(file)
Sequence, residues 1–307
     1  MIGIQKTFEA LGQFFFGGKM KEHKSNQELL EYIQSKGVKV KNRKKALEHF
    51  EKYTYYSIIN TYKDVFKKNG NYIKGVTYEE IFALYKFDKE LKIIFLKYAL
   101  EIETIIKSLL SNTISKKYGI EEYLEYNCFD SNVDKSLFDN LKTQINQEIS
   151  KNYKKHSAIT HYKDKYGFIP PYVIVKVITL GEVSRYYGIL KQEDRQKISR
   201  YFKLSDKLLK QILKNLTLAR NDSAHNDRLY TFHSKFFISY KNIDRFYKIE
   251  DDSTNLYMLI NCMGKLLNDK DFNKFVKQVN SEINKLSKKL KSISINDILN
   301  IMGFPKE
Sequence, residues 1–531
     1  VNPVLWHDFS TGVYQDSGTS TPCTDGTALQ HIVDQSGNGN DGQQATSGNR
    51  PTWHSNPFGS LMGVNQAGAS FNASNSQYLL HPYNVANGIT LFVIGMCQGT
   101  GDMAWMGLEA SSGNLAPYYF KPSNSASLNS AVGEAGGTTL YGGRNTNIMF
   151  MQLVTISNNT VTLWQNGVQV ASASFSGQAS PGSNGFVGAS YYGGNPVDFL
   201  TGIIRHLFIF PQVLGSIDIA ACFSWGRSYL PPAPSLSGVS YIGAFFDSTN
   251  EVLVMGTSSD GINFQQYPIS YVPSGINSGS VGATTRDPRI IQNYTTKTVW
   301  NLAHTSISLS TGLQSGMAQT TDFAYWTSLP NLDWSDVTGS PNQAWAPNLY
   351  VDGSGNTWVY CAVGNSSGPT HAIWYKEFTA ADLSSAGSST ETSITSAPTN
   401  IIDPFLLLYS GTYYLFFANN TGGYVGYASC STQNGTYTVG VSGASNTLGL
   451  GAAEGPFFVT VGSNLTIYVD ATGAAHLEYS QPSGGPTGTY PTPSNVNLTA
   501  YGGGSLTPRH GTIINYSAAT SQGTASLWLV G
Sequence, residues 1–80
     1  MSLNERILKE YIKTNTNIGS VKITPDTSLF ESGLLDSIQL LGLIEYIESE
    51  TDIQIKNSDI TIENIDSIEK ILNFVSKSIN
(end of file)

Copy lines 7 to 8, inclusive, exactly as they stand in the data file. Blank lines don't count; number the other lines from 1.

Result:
   251  DDSTNLYMLI NCMGKLLNDK DFNKFVKQVN SEINKLSKKL KSISINDILN
   301  IMGFPKE